In many states, “shoplifting” is a non-jailable misdemeanor that peace officers have little interest in investigating and prosecutors have little interest in punishing, but that is not the case for “retail theft” cases in Illinois. At the minimum, retail theft is a Class A misdemeanor, and aggressive prosecutors look for any enhancements supported by the facts to increase penalties to a Class 4 felony and even higher.
At Kostopolous Law Group, we routinely handle retail theft cases in Cook County and throughout Chicago. Mr. Kostopoulos is a former prosecutor who has handled thousands of cases and will use his experience to aggressively attack the prosecution’s case. If you’re facing shoplifting charges, speak with a Chicago retail theft attorney at Kostopoulos Law Group today.
What Are the Elements of a Retail Theft Case?
Contrary to popular myth, one does not need to leave the store with an item to be convicted of theft, and one does not even need to leave the store aisle with an item. Instead, the offense is complete when the defendant “obtains or exerts unauthorized control over property of the owner.” Pursuant to 720 ILCS 5/16-25, This conduct includes:
- Physical Touch: Moving an item with the intent to keep or destroy it constitutes theft in Illinois. Intent can be inferred from actions, such as placing an item in one’s pocket as opposed to a shopping cart.
- Label Alteration: It is an offense to remove a price tag or other label and then attempt to pay less than full retail value for the item at the register.
- Under-Ringing: Under standard conspiracy law, the person who driver the getaway car is just as guilty as the person who robs the store. Similarly, if a cashier intentionally under-rings a customer, that’s the same thing as removing the item from the shelf, even if the cashier does not receive a share of the stolen merchandise.
- False Representation: In a retail theft context, this offense usually involves lying to a customer service returns representative to obtain cash, store credit, or whatever.
- Retaining Leased Property: There is a presumption that if a defendant keeps leased property more than ten days past the due date that there is an intent to permanently deprive; in other cases, prosecutors often use circumstantial evidence to prove intent.
It is also a crime to use or possess theft shielding equipment or remove a shopping cart from the store’s property.
What is the Punishment for Retail Theft?
Retail theft under $500 is a Class A misdemeanor punishable by a maximum $500 fine and/or one year in jail, unless:
- The defendant used the emergency exit, in which case the crime is a Class 4 felony (one to three years in prison and a $25,000 fine), or
- The defendant had any prior theft convictions (Class 4 felony).
Prosecutors may also bring misdemeanor or felony charges if the defendant allegedly took more than $500 in property from any one owner in multiple transactions over the course of one calendar year.
What Can Store Security Do?
The good news is that store security personnel have no right to arrest a defendant suspected of shoplifting. The bad news is that they may detain suspects for a reasonable period and in a reasonable manner. In most cases, that means they can place the defendant in a locked room and perhaps even restrain him or her. Moreover, store security personnel can begin questioning defendants straightaway without informing them of their rights or even calling their parents.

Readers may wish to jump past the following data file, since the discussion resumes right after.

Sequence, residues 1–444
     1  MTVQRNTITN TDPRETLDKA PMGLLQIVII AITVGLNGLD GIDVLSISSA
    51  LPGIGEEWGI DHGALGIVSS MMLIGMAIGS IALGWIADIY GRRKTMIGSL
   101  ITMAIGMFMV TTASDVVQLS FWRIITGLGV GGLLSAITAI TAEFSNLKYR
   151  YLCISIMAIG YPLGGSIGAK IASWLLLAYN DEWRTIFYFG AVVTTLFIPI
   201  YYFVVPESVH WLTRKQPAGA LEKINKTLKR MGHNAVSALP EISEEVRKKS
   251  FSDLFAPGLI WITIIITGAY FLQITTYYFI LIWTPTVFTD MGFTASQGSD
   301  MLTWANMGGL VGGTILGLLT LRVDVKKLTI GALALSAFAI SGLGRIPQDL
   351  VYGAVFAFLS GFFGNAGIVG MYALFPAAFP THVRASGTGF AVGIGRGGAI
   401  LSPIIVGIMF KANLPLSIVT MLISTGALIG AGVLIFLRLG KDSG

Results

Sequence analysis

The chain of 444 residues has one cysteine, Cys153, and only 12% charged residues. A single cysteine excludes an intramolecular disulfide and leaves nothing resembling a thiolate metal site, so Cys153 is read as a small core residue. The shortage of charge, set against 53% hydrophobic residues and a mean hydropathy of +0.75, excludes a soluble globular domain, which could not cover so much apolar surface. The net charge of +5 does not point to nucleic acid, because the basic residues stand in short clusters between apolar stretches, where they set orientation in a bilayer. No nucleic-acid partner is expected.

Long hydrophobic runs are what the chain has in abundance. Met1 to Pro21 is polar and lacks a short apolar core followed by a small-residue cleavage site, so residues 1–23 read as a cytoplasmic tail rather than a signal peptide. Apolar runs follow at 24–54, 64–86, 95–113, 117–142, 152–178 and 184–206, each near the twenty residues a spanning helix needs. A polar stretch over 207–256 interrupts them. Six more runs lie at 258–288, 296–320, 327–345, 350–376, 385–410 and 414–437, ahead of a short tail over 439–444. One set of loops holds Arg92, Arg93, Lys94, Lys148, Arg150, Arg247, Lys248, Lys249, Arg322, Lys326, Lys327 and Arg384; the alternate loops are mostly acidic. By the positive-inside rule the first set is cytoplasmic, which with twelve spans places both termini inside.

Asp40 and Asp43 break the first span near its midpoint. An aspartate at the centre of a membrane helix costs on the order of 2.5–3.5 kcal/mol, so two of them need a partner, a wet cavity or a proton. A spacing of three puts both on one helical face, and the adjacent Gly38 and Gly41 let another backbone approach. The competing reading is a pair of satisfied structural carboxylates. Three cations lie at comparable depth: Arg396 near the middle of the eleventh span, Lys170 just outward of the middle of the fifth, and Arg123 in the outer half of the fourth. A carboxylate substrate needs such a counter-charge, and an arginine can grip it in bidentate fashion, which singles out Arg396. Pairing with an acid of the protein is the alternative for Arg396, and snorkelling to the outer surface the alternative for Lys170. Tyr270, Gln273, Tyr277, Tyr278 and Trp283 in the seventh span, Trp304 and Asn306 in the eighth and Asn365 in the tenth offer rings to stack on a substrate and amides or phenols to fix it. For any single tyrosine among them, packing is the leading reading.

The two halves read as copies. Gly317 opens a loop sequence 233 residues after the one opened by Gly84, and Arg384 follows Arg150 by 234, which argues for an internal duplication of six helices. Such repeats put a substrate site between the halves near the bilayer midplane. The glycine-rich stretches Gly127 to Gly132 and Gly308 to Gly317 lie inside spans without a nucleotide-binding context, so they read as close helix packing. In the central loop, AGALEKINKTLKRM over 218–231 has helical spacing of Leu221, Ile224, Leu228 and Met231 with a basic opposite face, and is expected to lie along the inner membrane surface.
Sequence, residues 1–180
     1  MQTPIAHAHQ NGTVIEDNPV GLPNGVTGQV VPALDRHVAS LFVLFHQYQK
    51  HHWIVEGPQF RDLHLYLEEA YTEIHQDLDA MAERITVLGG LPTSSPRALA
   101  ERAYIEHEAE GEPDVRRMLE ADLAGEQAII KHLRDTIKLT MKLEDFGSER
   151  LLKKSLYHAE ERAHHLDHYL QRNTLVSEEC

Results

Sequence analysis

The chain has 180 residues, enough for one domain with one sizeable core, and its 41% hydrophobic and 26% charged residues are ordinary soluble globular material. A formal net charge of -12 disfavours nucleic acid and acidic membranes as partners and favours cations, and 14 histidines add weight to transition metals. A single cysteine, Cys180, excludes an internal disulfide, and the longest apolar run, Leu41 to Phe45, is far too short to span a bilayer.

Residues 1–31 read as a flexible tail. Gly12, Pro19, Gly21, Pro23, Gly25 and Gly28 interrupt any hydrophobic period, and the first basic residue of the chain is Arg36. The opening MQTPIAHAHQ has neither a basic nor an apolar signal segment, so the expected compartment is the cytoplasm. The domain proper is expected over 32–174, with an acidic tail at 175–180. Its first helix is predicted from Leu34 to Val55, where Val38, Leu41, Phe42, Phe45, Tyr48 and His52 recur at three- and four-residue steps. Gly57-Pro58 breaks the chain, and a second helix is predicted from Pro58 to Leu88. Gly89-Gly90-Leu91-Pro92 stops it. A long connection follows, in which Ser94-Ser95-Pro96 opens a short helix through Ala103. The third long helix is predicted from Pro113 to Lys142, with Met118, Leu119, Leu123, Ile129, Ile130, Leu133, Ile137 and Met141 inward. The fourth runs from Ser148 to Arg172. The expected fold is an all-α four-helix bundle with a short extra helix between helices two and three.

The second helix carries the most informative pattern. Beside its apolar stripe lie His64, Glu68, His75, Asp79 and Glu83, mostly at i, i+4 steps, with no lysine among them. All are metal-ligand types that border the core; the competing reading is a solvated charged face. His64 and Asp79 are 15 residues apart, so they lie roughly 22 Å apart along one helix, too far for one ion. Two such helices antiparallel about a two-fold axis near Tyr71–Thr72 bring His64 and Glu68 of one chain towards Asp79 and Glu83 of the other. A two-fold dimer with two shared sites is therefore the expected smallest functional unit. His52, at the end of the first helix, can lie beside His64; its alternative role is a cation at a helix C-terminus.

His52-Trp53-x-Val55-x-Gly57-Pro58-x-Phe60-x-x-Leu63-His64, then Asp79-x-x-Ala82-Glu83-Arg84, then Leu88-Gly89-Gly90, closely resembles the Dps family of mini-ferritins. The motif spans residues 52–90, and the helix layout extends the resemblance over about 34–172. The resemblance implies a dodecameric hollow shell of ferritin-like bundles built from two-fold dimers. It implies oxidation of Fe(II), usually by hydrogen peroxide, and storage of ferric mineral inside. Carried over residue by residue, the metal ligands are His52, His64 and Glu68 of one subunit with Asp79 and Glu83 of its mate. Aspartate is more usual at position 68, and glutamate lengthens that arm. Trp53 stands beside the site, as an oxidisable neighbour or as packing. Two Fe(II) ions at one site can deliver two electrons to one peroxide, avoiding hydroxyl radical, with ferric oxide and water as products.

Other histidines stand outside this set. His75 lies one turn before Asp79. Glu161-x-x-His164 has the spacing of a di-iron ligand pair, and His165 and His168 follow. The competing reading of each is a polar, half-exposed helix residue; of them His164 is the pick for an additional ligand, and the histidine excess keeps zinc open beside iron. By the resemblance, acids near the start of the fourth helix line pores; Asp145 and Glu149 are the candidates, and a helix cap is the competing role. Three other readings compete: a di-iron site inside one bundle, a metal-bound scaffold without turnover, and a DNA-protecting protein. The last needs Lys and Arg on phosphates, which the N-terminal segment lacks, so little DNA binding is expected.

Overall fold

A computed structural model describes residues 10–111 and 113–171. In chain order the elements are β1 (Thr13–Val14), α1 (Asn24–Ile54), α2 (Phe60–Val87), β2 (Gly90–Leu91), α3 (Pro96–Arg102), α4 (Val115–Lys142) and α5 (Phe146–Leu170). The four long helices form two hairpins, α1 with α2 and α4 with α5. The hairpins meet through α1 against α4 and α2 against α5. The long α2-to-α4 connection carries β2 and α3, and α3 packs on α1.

After the fact, the store can ban the defendant from the premises, possibly even if the defendant is later found not guilty or if the charges are dropped.
What Are Some Defenses?
The statute refers to the “owner” of the property, which is generally defined as anyone who has a superior right to possession of the property, a category that could include the record owner, store manager, security guard, cashier, or almost anyone else.
Even with this broad definition, it is not always easy for prosecutors to secure an owner’s testimony a year or more after the alleged retail theft, which is normally the soonest that these cases go to trial. By that time, especially in very low-dollar situations, the owner has either lost interest in the case or has left that job for another position. In both these situations, it is difficult, or impossible, for the prosecutor to subpoena the owner and thereby make a prima facie case.
Are There Alternatives to Trial?
Prosecutors are often anxious to consider non-trial disposition in non-violent cases, especially if the defendant has no criminal record. Many jurisdictions offer deferred prosecution programs that involve a theft-deterrent class and/or a few community service hours. Once the program is completed, prosecutors dismiss the charges and the defendant is eligible for expunction. In other cases, court-supervision probation is available, and defendants are eligible for expunction after a two-year waiting period.
Illinois law also provides a civil penalty of up to $1,000 for a retail theft case, and it is not unusual for defendants to receive demand letters months or even years after the fact. Because of cost considerations, the stores rarely take these cases to trial if the letters go unheeded, but it is quite common for them to turn the matters over to debt collectors.
Speak to a Chicago Retail Theft Attorney Today
There are serious consequences for retail theft, underscoring the need for an aggressive criminal defense attorney in Chicago, like the ones you’ll find at Kostopolous Law Group, LLC. Call today for a free consultation.